With the approaching Mayoral elections in Greater Manchester (GM), candidates were given the opportunity to hear crucial stories from community members in the city region at the GM Mayoral Assembly on 27 April 2021. The Assembly was a non-partisan event combining research from GM citizens and influence from various faith leaders, community groups, high-schools and foodbank volunteers. The event noted that despite the various roles occupying the space, that everybody was now coming together as Mancunians to work with those in power to deliver greater change and develop community leadership.
Following celebrations of achievements in the city region over the past five years, it was time to hear powerful stories on priority issues identified by GM citizens research along the lines of mental health, poverty and climate emergency.
Sharing their stories under the category of mental health and access to services, were mothers from the SENsitive group based in Wythenshawe. SENsitive is a group for family members who have children with special educational needs and disabilities, fighting for greater access to provisions and services, whilst supporting each other through day-to-day obstacles. Two mothers from the group, Carla and Shannon delivered powerful testimonies about their own experiences of seeking support from local services and the continuous battle they face when finding their way through the systems designed to support the most in need.
Carla and Shannon reflected on the need – and legal right – of their children to have an education, health and care plan (EHCP) and the struggle to secure it, alongside a diagnosis in the early years of their children’s lives. Carla in particular noted that despite an EHCP now being in place for her child, there are no places at a local SEND school, so at five years old her son still has no access to the education he deserves. The stories were crucial in setting the tone for the event, and the recurring theme that occurred throughout: ‘nobody listens, because nobody cares’.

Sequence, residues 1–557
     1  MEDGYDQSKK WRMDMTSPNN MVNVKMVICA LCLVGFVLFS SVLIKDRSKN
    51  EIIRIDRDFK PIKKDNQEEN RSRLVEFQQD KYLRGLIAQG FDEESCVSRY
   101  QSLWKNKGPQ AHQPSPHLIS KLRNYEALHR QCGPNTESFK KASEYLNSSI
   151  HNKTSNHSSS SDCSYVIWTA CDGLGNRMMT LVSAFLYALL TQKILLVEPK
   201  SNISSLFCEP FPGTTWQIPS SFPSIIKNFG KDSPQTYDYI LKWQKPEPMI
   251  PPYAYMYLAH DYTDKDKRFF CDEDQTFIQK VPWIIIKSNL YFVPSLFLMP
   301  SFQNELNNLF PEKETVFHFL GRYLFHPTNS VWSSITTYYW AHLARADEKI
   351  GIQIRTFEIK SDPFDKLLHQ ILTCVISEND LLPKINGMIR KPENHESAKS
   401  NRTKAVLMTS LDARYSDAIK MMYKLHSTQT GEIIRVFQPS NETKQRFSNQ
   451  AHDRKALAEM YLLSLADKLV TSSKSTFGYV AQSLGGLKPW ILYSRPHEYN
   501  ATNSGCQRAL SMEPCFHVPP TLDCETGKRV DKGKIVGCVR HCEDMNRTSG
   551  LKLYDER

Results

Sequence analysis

Reflections from the candidates summarized that the basic needs the SENsitive group are fighting for are not radical or out of the ordinary, they are vital rights that need to be upheld and the obstacles and barriers faced by this community need to be removed for them to live a fair and equitable life.
The recent House of Commons report on Special Educational Needs support in England produced findings from eleven surveys of children with SEND in April-June 2020 across the UK. These include a survey by the Disabled Children’s Partnership, whose survey of around 4,000 parents and carers with disabled children in May 2020 found that ‘nearly a third (32%) said they were receiving no support specific to their child’s needs from school […] [and] a quarter were getting good support’. 1 This – a reflection of the stories heard by the mothers in the SENsitive group – demonstrates a clear violation of Economic, Social and Cultural rights including: The Right to Education, The Right to Health and the Right to an Adequate and Healthy Environment2.
The SENsitive group in Wythenshawe are currently working alongside the Social Rights Alliance Manchester, as the first local community group building their capacity to tackle injustice through the framework of economic, social and cultural rights. The group intend to build upon the legacy of Alf Morris, former Wythenshawe MP who played a vital role in the introduction of the Disability Rights Act3. Look out for a podcast soon with Carla and Shannon from the group who will discuss their stories and the steps they want to take to deliver meaningful social change.
Social Rights Alliance Coordinator (North West)